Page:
460 F.3d 595 (4th Cir. 2006), 05-1192, Schultz v. Capital Intern. Security, Inc.
|Citation:||460 F.3d 595|
|Party Name:||Douglas C. SCHULTZ; Anthony D. Phiniezy; Melissa J. Lopes; Steven Rowe; Jared C. Baker, Plaintiffs-Appellants, v. CAPITAL INTERNATIONAL SECURITY, INCORPORATED; Ousama Alhbri, a/k/a Sammy Hebri, Defendants-Appellees.|
|Case Date:||August 28, 2006|
|Court:||United States Courts of Appeals, Court of Appeals for the Fourth Circuit|
Argued: May 24, 2006.
[Copyrighted Material Omitted]
Charles W. Gilligan, O'Donoghue & O'Donoghue, Washington, D.C., for Appellants.
Haig Vahan Kalbian, Kalbian & Hagerty, L.L.P., Washington, D.C., for Appellees.
Francis J. Martorana, Sally M. Tedrow, O'Donoghue & O'Donoghue, Washington, D.C., for Appellants.
Claire A. DeLelle, Kalbian & Hagerty, L.L.P., Washington, D.C., for Appellees.
Before WILKINS, Chief Judge, and WILLIAMS and MICHAEL, Circuit Judges.
Affirmed in part, vacated in part, and remanded by published opinion. Judge Michael wrote the opinion, in which Chief Judge Wilkins and Judge Williams joined.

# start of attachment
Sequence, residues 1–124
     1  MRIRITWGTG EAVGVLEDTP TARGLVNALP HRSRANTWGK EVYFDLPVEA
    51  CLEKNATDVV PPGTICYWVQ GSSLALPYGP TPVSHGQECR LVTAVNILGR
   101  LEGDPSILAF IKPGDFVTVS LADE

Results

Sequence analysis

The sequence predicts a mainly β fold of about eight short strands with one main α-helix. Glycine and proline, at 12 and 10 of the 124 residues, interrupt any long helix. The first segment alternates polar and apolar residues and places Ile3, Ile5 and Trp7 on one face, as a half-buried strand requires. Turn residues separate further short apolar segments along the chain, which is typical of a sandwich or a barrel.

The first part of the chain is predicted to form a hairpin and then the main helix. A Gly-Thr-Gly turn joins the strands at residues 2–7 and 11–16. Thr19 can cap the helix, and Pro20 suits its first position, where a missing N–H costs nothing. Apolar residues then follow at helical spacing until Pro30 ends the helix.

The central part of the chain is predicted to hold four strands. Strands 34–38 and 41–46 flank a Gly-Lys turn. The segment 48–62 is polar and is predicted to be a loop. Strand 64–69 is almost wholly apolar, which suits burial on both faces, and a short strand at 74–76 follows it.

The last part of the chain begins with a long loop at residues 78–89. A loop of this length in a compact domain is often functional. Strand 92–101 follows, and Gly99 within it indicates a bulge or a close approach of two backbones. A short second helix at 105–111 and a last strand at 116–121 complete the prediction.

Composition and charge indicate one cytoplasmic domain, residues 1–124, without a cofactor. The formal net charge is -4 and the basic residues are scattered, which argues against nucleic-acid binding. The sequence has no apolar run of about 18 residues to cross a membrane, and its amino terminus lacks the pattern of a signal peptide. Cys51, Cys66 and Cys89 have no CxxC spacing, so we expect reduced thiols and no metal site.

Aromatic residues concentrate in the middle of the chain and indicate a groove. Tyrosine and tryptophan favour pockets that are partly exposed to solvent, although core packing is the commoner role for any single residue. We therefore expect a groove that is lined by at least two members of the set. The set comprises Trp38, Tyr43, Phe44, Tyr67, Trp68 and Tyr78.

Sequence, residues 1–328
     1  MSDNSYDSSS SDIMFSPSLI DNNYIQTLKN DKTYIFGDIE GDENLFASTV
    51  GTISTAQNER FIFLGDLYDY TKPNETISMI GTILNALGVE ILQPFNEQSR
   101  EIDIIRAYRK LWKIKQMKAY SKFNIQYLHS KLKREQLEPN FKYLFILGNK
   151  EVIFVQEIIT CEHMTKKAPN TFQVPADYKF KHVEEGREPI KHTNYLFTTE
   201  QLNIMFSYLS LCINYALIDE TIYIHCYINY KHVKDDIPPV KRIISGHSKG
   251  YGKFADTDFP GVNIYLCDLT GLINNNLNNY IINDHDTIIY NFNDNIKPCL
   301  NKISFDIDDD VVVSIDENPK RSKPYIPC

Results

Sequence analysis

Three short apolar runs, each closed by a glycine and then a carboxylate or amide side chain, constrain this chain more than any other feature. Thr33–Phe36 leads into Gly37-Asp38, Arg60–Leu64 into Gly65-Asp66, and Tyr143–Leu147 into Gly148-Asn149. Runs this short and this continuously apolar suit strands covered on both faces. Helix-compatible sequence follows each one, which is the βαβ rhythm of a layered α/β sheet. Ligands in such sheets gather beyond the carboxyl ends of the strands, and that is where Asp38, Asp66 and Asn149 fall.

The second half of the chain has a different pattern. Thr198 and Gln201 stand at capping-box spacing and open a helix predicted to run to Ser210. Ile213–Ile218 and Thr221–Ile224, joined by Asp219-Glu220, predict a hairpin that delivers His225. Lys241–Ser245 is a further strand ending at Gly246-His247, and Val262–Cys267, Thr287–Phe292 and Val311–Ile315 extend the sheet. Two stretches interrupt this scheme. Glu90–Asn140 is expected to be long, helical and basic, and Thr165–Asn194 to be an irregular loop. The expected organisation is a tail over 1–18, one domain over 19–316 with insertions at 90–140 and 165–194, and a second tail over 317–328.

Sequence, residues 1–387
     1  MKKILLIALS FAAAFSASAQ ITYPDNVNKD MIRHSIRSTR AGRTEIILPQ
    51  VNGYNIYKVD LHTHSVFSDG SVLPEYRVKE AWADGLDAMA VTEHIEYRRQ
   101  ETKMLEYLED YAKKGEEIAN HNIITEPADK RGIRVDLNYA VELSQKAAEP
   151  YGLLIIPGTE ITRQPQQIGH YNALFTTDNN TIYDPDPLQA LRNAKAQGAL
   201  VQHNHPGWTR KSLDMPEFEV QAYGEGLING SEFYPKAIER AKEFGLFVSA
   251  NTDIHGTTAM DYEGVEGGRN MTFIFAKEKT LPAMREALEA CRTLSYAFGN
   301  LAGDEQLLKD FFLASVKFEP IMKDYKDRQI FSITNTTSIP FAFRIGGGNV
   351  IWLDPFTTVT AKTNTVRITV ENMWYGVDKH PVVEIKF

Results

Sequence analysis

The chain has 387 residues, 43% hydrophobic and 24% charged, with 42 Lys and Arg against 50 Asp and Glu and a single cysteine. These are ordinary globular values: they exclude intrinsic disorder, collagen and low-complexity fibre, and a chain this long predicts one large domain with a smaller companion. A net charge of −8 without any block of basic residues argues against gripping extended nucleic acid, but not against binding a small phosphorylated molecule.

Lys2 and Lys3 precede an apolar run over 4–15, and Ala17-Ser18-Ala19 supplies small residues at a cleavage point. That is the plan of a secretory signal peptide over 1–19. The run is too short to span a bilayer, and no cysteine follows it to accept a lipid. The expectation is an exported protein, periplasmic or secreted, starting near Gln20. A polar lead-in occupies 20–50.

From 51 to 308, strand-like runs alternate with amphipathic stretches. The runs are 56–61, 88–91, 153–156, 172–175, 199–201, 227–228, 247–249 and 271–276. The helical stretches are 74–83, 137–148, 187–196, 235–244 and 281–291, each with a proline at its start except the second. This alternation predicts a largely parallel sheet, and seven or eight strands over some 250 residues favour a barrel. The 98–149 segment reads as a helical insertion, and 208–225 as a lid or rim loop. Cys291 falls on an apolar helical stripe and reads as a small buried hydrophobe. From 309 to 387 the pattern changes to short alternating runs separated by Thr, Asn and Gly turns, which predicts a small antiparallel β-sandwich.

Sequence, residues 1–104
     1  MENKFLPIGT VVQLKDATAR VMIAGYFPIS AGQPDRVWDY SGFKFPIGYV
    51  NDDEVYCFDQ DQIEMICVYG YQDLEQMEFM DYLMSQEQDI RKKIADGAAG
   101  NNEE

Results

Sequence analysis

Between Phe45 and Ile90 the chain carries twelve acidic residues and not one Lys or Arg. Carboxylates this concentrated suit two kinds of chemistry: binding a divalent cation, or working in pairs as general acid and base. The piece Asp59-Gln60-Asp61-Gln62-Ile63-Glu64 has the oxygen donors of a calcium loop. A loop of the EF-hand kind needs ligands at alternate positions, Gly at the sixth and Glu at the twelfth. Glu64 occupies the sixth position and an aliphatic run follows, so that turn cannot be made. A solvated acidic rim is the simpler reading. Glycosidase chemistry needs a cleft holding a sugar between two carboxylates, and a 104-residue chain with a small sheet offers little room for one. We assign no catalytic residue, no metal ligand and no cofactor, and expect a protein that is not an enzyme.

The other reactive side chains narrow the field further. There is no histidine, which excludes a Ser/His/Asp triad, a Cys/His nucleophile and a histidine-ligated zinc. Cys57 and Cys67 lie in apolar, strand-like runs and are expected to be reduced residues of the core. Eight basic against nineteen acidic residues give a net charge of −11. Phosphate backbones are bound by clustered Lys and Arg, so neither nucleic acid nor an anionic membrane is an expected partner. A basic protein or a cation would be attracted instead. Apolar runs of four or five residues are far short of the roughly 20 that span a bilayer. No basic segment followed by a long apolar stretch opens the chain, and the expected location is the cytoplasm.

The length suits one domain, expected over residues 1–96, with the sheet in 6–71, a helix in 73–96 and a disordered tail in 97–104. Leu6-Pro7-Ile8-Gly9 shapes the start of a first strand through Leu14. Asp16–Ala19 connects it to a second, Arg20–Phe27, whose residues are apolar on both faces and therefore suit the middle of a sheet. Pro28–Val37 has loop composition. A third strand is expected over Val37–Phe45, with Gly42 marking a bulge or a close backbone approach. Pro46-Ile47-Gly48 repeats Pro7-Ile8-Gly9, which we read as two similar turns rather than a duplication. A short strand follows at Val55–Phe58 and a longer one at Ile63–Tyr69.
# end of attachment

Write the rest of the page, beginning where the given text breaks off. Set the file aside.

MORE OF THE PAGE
MICHAEL, Circuit Judge:
Prince Faisal bin Turki bin Nasser Al-Saud (the Prince) is a diplomat and a
member of the Saudi royal family. The Prince, who has a residence in McLean, Virginia, engaged Capital International Security, Inc. (CIS) to provide a personal security detail. Five of the agents who worked on the Prince's detail sued CIS and its president, Sammy Hebri, asserting claims for unpaid overtime under the Fair Labor Standards Act, 29 U.S.C. §§ 201-219 (FLSA or Act). After a bench trial the district court entered judgment for CIS and Hebri, holding that the agents were not entitled to overtime pay because they were independent contractors, not employees. The agents appeal, and we vacate the judgment in favor of CIS and remand the case for further proceedings on the overtime claim. The undisputed facts compel the legal conclusion that the Prince and CIS were joint employers and that the agents were their employees for purposes of the FLSA. Because Hebri was not an employer, we affirm the judgment awarded to him. We also affirm the evidentiary rulings challenged by two of the agents.